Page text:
Sultanate a perfect sports tourism haven

Energy Wednesday 08/August/2018 21:12 PM
By: Times News Service
Sultanate  a perfect sports tourism haven

Muscat: Sports tourism can help grow the Sultanate’s economy and help shape its non-oil future, according to experts.
Sports tourism is estimated to be worth $800 billion (OMR308 billion), and Sheikh Khalid Al Zubair, head of the Oman Olympic Committee and member of the International Olympic Committee, said that developing Oman’s sports facilities would provide the country with many positive effects in the future, adding that top officials from the planning committee had included this in the economic expansion plan.
“We have been promised that they are looking at it, as part of their expansion project,” Al Zubair said.
“They have chosen a few sectors that we announced, and in the future, they are promising that sports will be given specific attention. I am not sure as to when this will happen, but going forward, I definitely see sports as more of an enabler and a supporter of development in Oman.”
“Tourism is very important, and we have always said that sports on its own is a tool. Sports is an enabler. Just like any other business, sports, with the help of investors, can help tourism,” added Al Zubair. “Right now, for example, in Salalah, we had so many tournaments during the Khareef season that were really successful, and we should have similar events in Muscat.”
Development of sports
Al Zubair believes that job creation and economic expansion aside, sports development had plenty of other positive benefits for the community.
“If we are, suppose, for example, leaning towards tourism, then we have to look at the benefits of the tourism side and the sports side,” he said. “Sports is also an enabler for the community. It is a big help to society, because it helps keep people in good health and reduces the cost of health services in the future, and reduces the demand of health services.”
“Also, the life skills that you can develop by playing sports and the skills you develop by being part of these sports associations are also very useful, so sports is always an enabler,” added Al Zubair.
“It is really important. Over and above that, sports and sports tourism should also benefit the athletes themselves.”
“This whole ecosystem can and has to be developed,” he said. “I hope that the returns on the investment into sports tourism can be invested back in the athletes, because sports, if it lives up to a really high standard, then people will be able to not just play matches and tournaments here, but we can go and play tournaments all around the world.”
Before that happened, however, Al Zubair noted that a clear plan needed to be worked out.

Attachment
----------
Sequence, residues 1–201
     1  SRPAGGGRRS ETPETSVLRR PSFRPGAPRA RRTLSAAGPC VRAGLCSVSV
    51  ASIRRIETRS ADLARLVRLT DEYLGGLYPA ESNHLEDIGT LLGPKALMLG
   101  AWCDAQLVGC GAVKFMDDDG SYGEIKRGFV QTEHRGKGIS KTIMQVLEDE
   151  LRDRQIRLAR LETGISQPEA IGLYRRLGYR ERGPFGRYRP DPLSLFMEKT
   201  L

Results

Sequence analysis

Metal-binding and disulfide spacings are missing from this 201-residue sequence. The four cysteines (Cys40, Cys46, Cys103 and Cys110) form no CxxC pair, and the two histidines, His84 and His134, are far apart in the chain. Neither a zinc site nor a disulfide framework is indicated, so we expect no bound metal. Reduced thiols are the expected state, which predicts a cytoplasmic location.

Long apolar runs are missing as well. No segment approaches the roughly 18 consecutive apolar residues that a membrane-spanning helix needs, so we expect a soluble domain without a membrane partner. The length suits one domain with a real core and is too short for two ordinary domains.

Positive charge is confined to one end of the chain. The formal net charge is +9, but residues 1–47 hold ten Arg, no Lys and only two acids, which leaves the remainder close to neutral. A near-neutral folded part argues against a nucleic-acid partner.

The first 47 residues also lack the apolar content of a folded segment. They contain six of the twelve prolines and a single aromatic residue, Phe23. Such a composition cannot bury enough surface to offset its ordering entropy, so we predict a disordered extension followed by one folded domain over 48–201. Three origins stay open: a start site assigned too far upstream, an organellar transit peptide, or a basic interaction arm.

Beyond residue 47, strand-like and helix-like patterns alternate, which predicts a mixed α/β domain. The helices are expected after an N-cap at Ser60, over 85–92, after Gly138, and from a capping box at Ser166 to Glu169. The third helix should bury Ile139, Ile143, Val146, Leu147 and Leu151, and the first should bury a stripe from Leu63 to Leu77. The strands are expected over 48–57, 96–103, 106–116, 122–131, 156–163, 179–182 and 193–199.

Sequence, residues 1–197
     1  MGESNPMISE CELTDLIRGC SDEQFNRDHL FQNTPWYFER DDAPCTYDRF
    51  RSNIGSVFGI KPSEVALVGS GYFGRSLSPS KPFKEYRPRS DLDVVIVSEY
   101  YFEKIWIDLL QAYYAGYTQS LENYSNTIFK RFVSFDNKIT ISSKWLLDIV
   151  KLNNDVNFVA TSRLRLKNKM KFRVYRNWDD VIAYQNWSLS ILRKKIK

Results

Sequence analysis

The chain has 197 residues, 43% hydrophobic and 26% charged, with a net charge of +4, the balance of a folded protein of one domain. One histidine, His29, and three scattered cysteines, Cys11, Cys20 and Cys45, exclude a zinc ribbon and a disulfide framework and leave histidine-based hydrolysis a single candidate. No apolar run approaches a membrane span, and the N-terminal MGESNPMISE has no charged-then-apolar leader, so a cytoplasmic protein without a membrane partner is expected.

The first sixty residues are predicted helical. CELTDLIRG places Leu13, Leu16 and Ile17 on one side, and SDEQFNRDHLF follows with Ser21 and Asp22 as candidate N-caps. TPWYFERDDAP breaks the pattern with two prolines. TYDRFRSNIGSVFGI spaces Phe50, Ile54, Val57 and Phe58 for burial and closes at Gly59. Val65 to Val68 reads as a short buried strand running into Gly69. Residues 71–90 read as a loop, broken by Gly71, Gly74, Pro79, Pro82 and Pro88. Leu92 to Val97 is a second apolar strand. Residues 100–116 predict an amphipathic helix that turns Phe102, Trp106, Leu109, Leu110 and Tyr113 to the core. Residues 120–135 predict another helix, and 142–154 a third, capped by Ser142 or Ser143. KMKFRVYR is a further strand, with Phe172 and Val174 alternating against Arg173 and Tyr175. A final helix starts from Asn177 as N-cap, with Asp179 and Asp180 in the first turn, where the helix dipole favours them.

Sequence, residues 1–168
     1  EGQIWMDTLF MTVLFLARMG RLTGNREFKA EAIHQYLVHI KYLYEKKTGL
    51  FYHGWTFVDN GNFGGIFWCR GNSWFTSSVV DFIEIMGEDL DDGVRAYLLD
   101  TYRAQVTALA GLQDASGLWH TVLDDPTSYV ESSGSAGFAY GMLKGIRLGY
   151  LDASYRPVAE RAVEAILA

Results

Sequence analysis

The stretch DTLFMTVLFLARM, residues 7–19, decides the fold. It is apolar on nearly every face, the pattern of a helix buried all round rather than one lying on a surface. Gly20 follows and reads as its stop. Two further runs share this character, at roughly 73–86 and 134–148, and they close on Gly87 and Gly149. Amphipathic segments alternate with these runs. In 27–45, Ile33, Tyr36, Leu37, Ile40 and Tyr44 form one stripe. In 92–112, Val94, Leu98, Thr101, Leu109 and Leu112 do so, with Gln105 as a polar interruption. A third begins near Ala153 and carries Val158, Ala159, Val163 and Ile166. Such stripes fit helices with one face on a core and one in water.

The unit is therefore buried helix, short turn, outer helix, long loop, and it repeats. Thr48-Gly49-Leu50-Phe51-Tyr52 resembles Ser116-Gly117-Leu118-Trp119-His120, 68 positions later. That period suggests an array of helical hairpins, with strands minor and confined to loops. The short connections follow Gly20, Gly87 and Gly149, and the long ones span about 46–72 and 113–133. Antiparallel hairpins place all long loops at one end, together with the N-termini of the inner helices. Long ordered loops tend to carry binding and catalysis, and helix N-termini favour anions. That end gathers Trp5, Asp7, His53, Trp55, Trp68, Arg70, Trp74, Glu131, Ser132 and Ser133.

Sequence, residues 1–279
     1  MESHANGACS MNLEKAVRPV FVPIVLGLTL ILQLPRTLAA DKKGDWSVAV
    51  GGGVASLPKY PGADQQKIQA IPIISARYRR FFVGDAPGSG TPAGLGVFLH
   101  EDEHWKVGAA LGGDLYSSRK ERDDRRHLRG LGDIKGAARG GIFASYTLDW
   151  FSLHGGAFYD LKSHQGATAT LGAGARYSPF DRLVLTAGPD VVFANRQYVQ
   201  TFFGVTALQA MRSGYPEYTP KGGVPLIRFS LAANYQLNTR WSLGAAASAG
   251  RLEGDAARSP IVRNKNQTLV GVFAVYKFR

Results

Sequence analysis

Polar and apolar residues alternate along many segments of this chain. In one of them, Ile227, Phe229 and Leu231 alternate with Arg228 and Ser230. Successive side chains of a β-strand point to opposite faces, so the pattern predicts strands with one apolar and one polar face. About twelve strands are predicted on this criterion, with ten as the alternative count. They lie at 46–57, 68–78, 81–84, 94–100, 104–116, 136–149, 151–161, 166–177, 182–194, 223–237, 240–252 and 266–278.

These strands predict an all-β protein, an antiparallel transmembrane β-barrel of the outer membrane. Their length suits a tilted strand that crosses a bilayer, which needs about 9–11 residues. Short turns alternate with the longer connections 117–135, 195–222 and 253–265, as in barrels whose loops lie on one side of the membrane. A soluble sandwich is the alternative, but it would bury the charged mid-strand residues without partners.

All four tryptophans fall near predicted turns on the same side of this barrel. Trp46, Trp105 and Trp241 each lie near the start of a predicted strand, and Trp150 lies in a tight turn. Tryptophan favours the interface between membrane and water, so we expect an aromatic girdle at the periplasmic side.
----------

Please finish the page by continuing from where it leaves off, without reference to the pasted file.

“This is important, but we must remember that these two are linked,” he explained. “Do we focus on efforts on foreign teams that come here to stay, or do we build up our own level of entertainment of sports that attracts people? We need to focus on one or the other, and we are still not at the levels we need to be at.”
Oman Sail is one of the country’s biggest organisers of sporting events, and Salma Al Hashmi, the organisation’s chief marketing officer, said sports tourism is already playing a role in putting Oman on the map.
“I think it important to look at why Tanfeedh has looked at sports tourism as one of the key areas that contributes to stimulating the tourism industry with the purpose of contributing to the number of arrivals in-country,” she said. “They looked at it in a number of ways, with the overarching objective of how sports can contribute to the total number of international tourist arrivals. When you host a sporting event, you welcome the athletes, but beyond that, you’ve got spectators and the international media, which puts the country that is hosting that specific event into the limelight. That means there is increased spending and hotel occupancy and increases the value of the tourism sector and indirectly contributes to creating jobs.”
“Globally, the growth of sports tourism is valued at $800 billion, which is 10 per cent of the total value of the tourism industry,” added Al Hashmi.
“It has an expected growth of 41 per cent between 2017 and 2021. It is an industry that has proven to be very resilient, so even if there is an economic downturn, all of these sporting competitions still go on. We are currently working with Tanfeedh on the implementation of mass participation events such as running, on-road and off-road events, cycling and triathlons, and looking at bidding for big regional events.”
Chuck Martini, head coach and technical director of the Muscat Football Academy, also felt sports tourism would help the nation, going forward.
“I believe Oman has a lot of potential in terms of the weather it has during the later months, and it will generate a lot of income for the country,” he said.
“It is a nation that is fast-growing, especially in sports, and I believe that it has to find different methods of bringing in revenue.”
“The country has great beaches and mountains, and it is a beautiful country with untouched beauty, unlike some other Gulf countries,” added the former goalkeeper, who represented Morocco at the 1994 FIFA World Cup.
“But it still needs to invest in its sports infrastructure and develop international-class facilities, as well as grassroots sports in general. All of these things will generate finance for the country and will help it flourish.”